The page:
Rivulets of Nuggets:Well, last summer, I dropped into an abandoned placer excavation (with permission of course as claim owners are mighty touchy about such things, and for good reason; however, I've spent years making lasting connections). It was a great looking spot as the bedrock stepped down in a series of terraces to where the ancient channel bottomed out in a large trough. In the bottom of that trough, the Oldtimers from the 1800's had been very, very busy. The signs of old tunnels were ghostly images for the trained eye, but those signs were everywhere.Now those old boys had drifted up from the river below which was, and still is, a long way downhill from where the Sourdoughs of the 1800's tunnelled into the good stuff, so I certainly admire their determination and efforts to chase the gold all the way to that trough as they did. The work required, all done by hand, boggles my mind! There were large boulders everywhere down in that gut (this makes sense, as the super-heavies were concentrating in that low spot as that's where the gut of the stream would have been roaring while the dinosaurs tip-toed across the stream). A little more about the work they did, well, those tunnels were all driven using pick and shovel, all of the timbers hand-cut and all of the joints done by axe-work, with no nails. That's right, no nails! Now, I've detected other old placer excavations where the modern miners tore through the old workings to get to the bedrock, thus disturbing many old tunnels, but those sites were then left littered with square nails (not so much fun when you're looking for nuggets with a detector), so I'm thinking the spot I was detecting last summer was old indeed, and perhaps those old miners were mighty early to the gold, so early that they had no nails available, as the iron to fashion them hadn't come up the trail and over the mountains by mule-trains yet.From the historical records, I know that the first miners in the area to spend that first winter were in serious trouble as the snow closed all of the passes extra-early, and food was extremely short. The smarter miners high-tailed it out of the valleys at the first sign of Old Man Winter getting cranky. However, the miners that remained spent a brutal winter eating food made from mouldy flour which, if it could be bought, was insanely expensive, and every game animal within many miles had long since fled. Moreover, the only reason any of them made it through at all is that an enterprising packer made it through during a Chinook (a warm wind that rapidly increases the winter temperatures for a short time) and delivered enough supplies to stop the starvation (He made his own fortune form his efforts to pack those supplies in that winter without ever dipping a pan!), and as the grateful miners were loaded with gold, which they couldn't eat, they were only too happy to trade. Right after he made it in, then skedaddled back out, winter's iron fist smashed and pounded the passes shut yet again until the spring thaw.So, there I was, down in that ancient trough, broken bedrock all about, the faint traces of the drift mines ghostly-evident as the modern equipment had done an efficient job of almost erasing every detail of those early efforts. I detected for about an hour in that ancient stream gut and got only two small sub-gram nuggets (and those against walls), not the kind of day I'd been hoping for, but the miners had taken up to six-feet of bedrock in their quest to clean-up what the Oldtimers had left behind, and the modern miners had done an efficient job for sure.It was one of those lazy summer days where the odd puff of cloud drifted overhead at rare intervals. The sun was warm and friendly, not a blast furnace baking my brain as it had been a couple of weeks earlier. None of the leaves were turning colour yet (at the altitude I work, they turn right quick at the first sign of any flirtations from Dame Autumn), the pines, larch (tamarack) and fir were dressed in their glorious mountain greens all arranged in soldierly formations up the canyon's slopes, standing at perfect attention with no wind to deform their perfect ranks. A Bald Eagle had been keeping an eye on me for quite a while as he rode the invisible thermals far above me, looking for all the world as if he had the perfect life of leisure set off as he was against that cobalt blue dome of pristine mountain air. A succession of honey bees buzzed their way past my ear to stop at a little seep for a bit of water, only to hurry off after their drink to get back to the golden business of honey-making for their winter larder. As well, tiny orange butterflies with blue spots were watering at the seep as they folded and unfolded their delicate wings.Because the bedrock in the gut was so clean of gold, I grabbed my five-gallon plastic bucket of grub, water, and various smaller mining and sniping tools, then headed up slope. I found a spot where the excavators with their buckets had scraped across some patches of iron-hard bedrock, leaving small sections of other bedrock in between: some of it soft, some of it hard. I limbered up my Gold Bug Pro and got to it.After a couple of sweeps, I heard a target. I checked the display and it was reading iron, but I've found from experience a reading like that can still mean a nugget, especially if there's a nugget under or surrounded by chunks of ironstone (magnetite). Furthermore, I'd already seen some rounded pieces of magnetite the size of strawberries. So, I extended my magnetic wand and scrubbed the area where the target was. Right quick a curled chunk of bucket or blade jumped to the super-magnet. I scanned the area again, but no remaining signal. I started swinging the coil again and hadn't moved far when I got a solid hit, iron bars low, meter pinning in the good. golden zone. I scraped the spot with my plastic scoop, then scanned again: target louder, meter solidly pinned, iron bars low. The previous succession of readings is always a heart-pumper. After a bit more work, I had a nice multi-gram nugget in the poke (I have a little plastic bottle about an inch and a half high I got at a craft store, one in clear plastic with a tight snap-on lid made of white soft plastic; it's a nugget-holding dream as it has a wide top.). I scanned the area again and was rewarded with a softer signal. After some more cleaning, I had another nugget in the poke, one just over a gram. I moved over a bit and got a string of signals, that's right, a string.So, of course, my brain is telling me I've hit a spot where the bucket shaved off more steel filings as it clawed its way across the bedrock. So, out with the magnet, but no friends! I scanned again, same results. I took out a little pick I use when detecting, and used the blade/chisel end to scrape the bedrock, and right away, the scraping revealed softer material trapped in a crooked little run in the bedrock. After using the other end of the pick to get into the run, I cleaned out the material and drug it all into my scoop, then dropped it in my gold pan. I kept detecting and was soon rewarded with a similar repeating series of sounds, performed the same check with the magnetic wand, negative results again, and cleaned the little rivulet with the pick putting the contents in the pan as well. (While I'm out detecting, I save time when I hit a good spot by taking the information from the meters as good data to pile material in the pan to check later, so I can cover as much ground as possible, not losing time to sorting, as darkness is usually my limiting factor because there's no way I'm detecting in the dark with all of the grizzlies and cougars that frequent the area.) Well, all I can say is that in between those domes of iron hard rock, nestled in those little patches of bedrock sheltered in between, I hit multiple rivulets of gold! It's probably the most fun I've had detecting in a long, long time. I just kept getting hit after hit. Sure, sometimes there were steel shavings, but the magnet made short work of them, and with the time I saved using the gold pan accumulation method, I really hit those spots hard until the darkness crept up to shut me down. Needless to say, before it was too dark, I took the pan to some standing water. Just for fun, I scanned the pan with the detector: talk about a lively golden tune! When I finally worked the contents down, and I didn't get very far, my heart almost stopped; nuggets were poking out everywhere, truly!In some of the pictures posted above (scroll up or click back a page or two), you'll see some of the nuggets taken from the bedrock where they were deposited eons ago. I have never found a place so generously laced with golden rivulets. Detecting that spot was what an old miner I knew would have called, "having a heyday". It's days like those that keep the dream alive, the fires of the fever stoked, and the imagination primed throughout our long northland season. However, Old Man Winter's grip is slackening as the maiden of spring uses her wiles to flirt with his icy personality, convincing him yet again to return to his Arctic stronghold, and then, the high mountain passes will open once more allowing me to chase the gold for another season.All the best,Lanny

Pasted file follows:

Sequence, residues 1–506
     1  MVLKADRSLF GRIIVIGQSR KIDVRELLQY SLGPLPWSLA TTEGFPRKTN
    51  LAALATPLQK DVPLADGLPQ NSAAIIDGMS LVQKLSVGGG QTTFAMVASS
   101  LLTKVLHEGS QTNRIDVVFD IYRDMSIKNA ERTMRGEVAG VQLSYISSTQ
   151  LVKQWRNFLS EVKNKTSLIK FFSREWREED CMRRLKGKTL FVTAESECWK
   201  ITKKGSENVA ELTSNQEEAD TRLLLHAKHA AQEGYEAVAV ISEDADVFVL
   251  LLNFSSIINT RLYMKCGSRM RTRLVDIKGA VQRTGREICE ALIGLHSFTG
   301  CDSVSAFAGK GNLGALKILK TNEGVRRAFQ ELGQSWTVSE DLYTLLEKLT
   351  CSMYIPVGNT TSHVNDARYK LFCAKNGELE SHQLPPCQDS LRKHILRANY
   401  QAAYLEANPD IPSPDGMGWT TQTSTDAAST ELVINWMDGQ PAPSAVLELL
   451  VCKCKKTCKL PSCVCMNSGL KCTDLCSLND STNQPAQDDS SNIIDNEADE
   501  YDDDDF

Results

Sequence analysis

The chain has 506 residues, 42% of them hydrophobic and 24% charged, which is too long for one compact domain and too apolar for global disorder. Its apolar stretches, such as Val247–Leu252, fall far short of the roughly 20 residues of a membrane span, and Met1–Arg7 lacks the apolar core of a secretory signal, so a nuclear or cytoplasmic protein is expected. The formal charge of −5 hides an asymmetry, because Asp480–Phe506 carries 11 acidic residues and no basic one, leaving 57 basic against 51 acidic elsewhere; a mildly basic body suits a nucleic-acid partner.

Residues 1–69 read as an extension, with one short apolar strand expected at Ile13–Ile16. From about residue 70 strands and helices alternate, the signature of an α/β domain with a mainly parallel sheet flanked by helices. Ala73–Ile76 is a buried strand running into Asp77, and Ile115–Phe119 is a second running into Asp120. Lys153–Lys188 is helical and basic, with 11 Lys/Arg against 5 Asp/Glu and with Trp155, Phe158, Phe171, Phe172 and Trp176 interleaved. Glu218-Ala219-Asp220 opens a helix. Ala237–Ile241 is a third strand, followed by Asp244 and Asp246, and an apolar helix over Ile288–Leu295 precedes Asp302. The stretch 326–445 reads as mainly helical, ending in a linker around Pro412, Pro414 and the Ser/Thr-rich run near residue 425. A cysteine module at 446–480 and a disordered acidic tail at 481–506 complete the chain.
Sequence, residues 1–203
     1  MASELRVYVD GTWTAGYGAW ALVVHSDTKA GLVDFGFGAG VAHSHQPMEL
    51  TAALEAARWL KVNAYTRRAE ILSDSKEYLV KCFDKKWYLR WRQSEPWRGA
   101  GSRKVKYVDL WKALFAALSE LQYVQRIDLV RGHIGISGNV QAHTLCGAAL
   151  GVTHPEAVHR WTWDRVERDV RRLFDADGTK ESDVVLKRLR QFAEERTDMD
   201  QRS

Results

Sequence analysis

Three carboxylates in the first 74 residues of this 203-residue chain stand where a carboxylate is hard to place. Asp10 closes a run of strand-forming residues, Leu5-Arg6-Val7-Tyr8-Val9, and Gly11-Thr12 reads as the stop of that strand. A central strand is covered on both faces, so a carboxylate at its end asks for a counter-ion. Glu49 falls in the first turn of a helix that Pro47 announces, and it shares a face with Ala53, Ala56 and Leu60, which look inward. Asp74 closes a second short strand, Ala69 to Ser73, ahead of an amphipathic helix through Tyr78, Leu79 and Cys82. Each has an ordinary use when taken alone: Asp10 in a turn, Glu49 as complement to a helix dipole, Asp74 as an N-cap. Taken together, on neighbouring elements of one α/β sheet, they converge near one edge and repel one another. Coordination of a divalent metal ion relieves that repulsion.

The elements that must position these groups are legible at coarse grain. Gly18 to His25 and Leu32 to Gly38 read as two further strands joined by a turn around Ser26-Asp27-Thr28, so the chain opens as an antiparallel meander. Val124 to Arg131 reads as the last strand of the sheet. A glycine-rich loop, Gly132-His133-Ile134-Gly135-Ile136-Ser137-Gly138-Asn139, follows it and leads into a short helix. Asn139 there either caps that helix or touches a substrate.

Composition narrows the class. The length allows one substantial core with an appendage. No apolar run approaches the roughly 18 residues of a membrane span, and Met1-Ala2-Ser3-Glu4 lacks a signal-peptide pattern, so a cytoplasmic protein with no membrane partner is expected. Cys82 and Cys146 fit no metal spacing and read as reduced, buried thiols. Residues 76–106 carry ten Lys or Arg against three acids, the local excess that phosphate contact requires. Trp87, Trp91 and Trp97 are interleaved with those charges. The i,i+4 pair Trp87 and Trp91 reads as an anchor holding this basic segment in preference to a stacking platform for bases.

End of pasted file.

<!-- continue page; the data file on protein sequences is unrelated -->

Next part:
6. 1 point
    Trip report: http://mikestang.com/francapr2017.htm
  7. 1 point
    Last week Lu and I got out for 3 days. We ended up with two nuggets (2g) and 5 meteorites (98g)! The flowers were blooming ALL over. It was a good trip.
  8. 1 point
    . Sounds about like the fun that I just finished yesterday. Both cv drive axles and upper and lower ball joints on my 4runnner. With the lower ball joint disconnected it gave me the room I needed to removed the cv axle. I'm just getting to old for this much fun anymore.
  9. 1 point
  10. 1 point
    Mike ... you are famous but ... Lunk IS Fame. haha Glad you two guys finally met. Now you two are a tag team on telling people they have a Meteor WRONG! Mitchel
  11. 1 point
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  13. 1 point
    Hope you enjoy the shots, and all the best, Lanny